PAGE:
If this "isn’t a political thing," then don't be too political about who you talk to about these issues -- those who use Google should have as many rights to know about your self-censorship as those who try to pressure you into it.

Ashwin Dixit said...

It would be really nice if Google weren't censoring its publishers, while at the same time complaining about "Censorship as trade barrier".


Read more!

Kaoru said...

I applaud google’s efforts to combat censorship on the internet. Reading the blog, what struck me was the line that reads: Some forms of censorship are entirely justifiable. Although I wholeheartedly agree with the statement, I was wondering how this would work in practice.

How will google decide what is just and unjust forms of censorship? Since the issue is censorship as a trade barrier, will this be based on google’s
adwords content policy?. Or will you take into account local customs and laws? Which brings me to my next point.

Obviously the internet, its ability to transcend national borders and the politics that govern it are still relatively new. There are no global standards, or even a unified body, that regulate the internet. (e.g. Article 29 Data Protection Party’s data retention policy, it seems, are not binding and EU members can adopt even more stringent standards!) Compounding this is the fact that different communities have different standards of acceptable speech. Just take a look at the Supreme Court’s adjudication on obscenity . The test for proscribed speech takes into account local standards and customs, meaning that even in America, there are countless definitions of obscenity. With these ideas in mind: How will google go about defining proscribed speech while taking into account local sensibilities and without undermining google’s values or role as a public company? Obviously a global, yet fair, standard would be best.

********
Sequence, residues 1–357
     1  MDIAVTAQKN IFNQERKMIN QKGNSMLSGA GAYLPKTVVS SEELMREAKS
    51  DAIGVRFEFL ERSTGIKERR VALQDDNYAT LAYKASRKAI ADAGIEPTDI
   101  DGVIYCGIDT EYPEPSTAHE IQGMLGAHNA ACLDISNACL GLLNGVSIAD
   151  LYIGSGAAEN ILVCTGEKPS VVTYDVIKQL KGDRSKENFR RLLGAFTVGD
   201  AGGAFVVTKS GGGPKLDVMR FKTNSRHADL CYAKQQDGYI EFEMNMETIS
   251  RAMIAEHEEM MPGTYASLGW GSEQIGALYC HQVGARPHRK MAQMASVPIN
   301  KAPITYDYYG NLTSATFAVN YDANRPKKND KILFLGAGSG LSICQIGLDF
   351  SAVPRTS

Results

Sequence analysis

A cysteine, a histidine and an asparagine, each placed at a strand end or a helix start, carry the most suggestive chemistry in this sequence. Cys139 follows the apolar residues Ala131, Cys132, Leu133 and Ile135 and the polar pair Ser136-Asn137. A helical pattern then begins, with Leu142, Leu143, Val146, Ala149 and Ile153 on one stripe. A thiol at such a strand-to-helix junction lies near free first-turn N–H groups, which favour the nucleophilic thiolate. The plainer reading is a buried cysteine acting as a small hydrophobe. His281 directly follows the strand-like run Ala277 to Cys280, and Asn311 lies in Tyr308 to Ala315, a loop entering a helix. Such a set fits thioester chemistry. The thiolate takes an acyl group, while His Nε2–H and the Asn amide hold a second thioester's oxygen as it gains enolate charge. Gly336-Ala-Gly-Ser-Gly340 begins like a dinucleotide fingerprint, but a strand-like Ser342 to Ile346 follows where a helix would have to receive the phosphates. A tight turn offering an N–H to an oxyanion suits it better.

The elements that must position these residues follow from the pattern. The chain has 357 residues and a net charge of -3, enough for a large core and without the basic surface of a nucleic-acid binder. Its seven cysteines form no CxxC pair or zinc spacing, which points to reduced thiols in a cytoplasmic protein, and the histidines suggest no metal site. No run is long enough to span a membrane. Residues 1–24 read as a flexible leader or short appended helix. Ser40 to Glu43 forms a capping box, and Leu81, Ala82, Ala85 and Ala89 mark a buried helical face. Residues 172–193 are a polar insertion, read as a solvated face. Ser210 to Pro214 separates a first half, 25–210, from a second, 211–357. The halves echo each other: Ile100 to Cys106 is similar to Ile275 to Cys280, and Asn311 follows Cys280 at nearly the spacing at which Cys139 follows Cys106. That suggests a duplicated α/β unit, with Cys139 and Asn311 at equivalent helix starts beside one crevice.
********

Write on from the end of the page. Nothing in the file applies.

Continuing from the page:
Ashwin Dixit said...

Similar efforts have been undertaken already, but I have a proposal nevertheless.

Google should:

1. Design a relatively tamper-proof poll.

2. Poll surfers by showing them examples, and asking -- "How objectionable do you find this content?"

3. Form an everchanging global map of objectionable content, starting from a zero-knowledge position and gathering data empirically and systematically.

4. Incorporate the poll results into SafeSearch, and allow users to override their SafeSearch settings.